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Album: The Rolling Stones Now!Released: 1965Charted:
This is a Blues standard written by Wille Dixon. The Stones first heard it from Howlin' Wolf and Sam Cooke.
While playing in Chicago, The Stones sent a car to pick up Howlin' Wolf when they found out he had not been invited to the show. The spotlight operator shined a light on him when he arrived, and the crowd went wild.
The Stones' manager, Andrew Oldham, wanted them to record this in order to keep their image as a tough, naughty band, essentially the opposite of The Beatles. Their previous singles in England were "It's All Over Now
," "Not Fade Away," and "I Wanna Be Your Man," all of which were successful, but moved them away from The Blues and into a more pop direction. Recording this raw Blues number was for their reputation.
Their record label, Decca Records, felt this was not commercial enough to release as a single, but it went to #1 in England because the Stones were so hot at the time. Advance orders for the single ensured that it would be a hit.
When this was released in the US, radio stations banned it for sexual content. They quickly released the more radio-friendly "Heart Of Stone" to replace it.
Brian Jones played the slide guitar. He died in 1969 after years of drug abuse.
Their album Flashpoint contains a live version with Eric Clapton on slide guitar. It was taken from a 1989 show in Shea Stadium, New York.
Sam Cooke released this as a single in 1963 with Ray Charles on Piano and Billy Preston playing organ. Their version hit #11 in the US.
Keith Richards explained on the BBC 4 documentary Blues Britannia: Can Blue Men Sing the Whites? why the Stones decided to release this as a single: "We must have been wearing brass balls that day, when we decided to put that out as a single. I think we just thought it was our job to pay back, to give them what they've given us. They've given us the music and the friendship, and let's stand up, be men, and give them a blues, and it went to #1. Mr. Howlin' Wolf, he didn't mind at all. It was maybe a moment of bravado, in retrospect, but it worked. We have been blessed by the music that we listened to, and let's see if we can actually spin it back around and make American white kids listen to Little Red Rooster. You had it all the time, pal, you know. You just didn't listen."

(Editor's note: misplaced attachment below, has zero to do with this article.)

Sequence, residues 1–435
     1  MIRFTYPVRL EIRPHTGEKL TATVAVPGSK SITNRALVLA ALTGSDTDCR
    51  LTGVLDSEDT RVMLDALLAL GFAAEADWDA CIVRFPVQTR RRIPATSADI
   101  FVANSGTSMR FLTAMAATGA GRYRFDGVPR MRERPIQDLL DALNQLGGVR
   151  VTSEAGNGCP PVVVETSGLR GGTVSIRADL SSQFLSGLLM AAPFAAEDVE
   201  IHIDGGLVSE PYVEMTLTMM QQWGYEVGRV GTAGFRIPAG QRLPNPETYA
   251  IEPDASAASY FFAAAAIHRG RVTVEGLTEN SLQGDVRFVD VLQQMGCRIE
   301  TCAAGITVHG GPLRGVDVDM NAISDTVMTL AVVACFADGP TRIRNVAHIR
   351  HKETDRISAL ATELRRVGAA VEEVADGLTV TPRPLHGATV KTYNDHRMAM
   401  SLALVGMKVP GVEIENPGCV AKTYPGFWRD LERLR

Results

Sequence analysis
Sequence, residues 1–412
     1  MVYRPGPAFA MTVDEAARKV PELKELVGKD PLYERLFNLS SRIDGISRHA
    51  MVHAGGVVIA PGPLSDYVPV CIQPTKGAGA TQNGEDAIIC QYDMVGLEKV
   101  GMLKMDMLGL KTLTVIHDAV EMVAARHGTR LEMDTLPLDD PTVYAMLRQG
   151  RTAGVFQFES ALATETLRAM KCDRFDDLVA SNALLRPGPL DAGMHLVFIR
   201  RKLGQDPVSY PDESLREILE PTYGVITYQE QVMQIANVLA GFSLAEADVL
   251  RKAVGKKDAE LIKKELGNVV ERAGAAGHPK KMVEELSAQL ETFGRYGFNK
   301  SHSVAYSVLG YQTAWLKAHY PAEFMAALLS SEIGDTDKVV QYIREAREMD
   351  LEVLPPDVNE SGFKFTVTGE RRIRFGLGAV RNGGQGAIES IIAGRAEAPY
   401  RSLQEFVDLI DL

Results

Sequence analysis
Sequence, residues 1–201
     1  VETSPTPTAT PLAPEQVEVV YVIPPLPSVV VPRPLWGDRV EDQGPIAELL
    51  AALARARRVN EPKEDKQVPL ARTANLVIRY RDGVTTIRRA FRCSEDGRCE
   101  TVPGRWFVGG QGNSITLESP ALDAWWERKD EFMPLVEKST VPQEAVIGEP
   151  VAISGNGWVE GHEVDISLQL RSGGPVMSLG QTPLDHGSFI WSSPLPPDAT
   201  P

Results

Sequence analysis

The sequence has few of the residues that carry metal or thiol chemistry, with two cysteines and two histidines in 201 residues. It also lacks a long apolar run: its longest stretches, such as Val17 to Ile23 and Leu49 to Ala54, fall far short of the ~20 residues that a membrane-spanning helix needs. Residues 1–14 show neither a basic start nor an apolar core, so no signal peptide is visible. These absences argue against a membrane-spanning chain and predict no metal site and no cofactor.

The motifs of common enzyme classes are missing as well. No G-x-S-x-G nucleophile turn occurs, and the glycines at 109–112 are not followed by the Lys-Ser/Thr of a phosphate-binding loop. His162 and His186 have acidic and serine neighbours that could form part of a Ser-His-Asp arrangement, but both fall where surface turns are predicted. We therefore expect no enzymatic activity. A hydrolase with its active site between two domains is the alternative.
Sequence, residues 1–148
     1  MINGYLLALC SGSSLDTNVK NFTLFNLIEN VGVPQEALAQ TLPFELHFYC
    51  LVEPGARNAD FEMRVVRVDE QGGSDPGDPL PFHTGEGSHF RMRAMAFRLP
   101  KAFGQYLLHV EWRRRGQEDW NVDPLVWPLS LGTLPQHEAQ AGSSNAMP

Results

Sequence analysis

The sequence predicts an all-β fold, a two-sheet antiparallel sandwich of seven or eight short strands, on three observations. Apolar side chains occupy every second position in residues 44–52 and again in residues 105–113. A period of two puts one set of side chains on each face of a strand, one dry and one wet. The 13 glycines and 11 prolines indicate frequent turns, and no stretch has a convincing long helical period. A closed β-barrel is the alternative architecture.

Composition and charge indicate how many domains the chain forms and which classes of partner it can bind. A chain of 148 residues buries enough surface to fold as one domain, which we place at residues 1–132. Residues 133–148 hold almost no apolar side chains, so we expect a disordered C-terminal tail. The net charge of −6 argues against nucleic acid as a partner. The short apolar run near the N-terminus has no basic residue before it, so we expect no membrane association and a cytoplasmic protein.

Mick Jagger defended this song in 1964: "I don't see why we should have to conform to any pattern. After all, wasn't 'Not Fade Away
' different from 'It's All Over Now
'? We try to make all our singles different, and so far every one has been in a different tempo. This time, I didn't want to do a fast beat number. If the fans don't like it, then they don't like it. I like it. It's a straight blues and nobody's ever done that. Except on albums. We thought just for a change we'd do a nice, straight blues on a single. What's wrong with that?... Course (it's) suitable for dancing. Charlie's drumming makes it good for dancing - you can double up the beat for dancing, I reckon."
This was engineered by Bill Farley, who engineered the Stones' debut album in London in 1964. When they did more work in London on their return from the States throughout 1964, he was also the engineer (songs like "Congratulations," "Grown Up Wrong," "Under The Boardwalk
"). He also engineered some Andrew Oldham Orchestra sessions that year. (thanks, Bertrand - Paris, France, for above 2)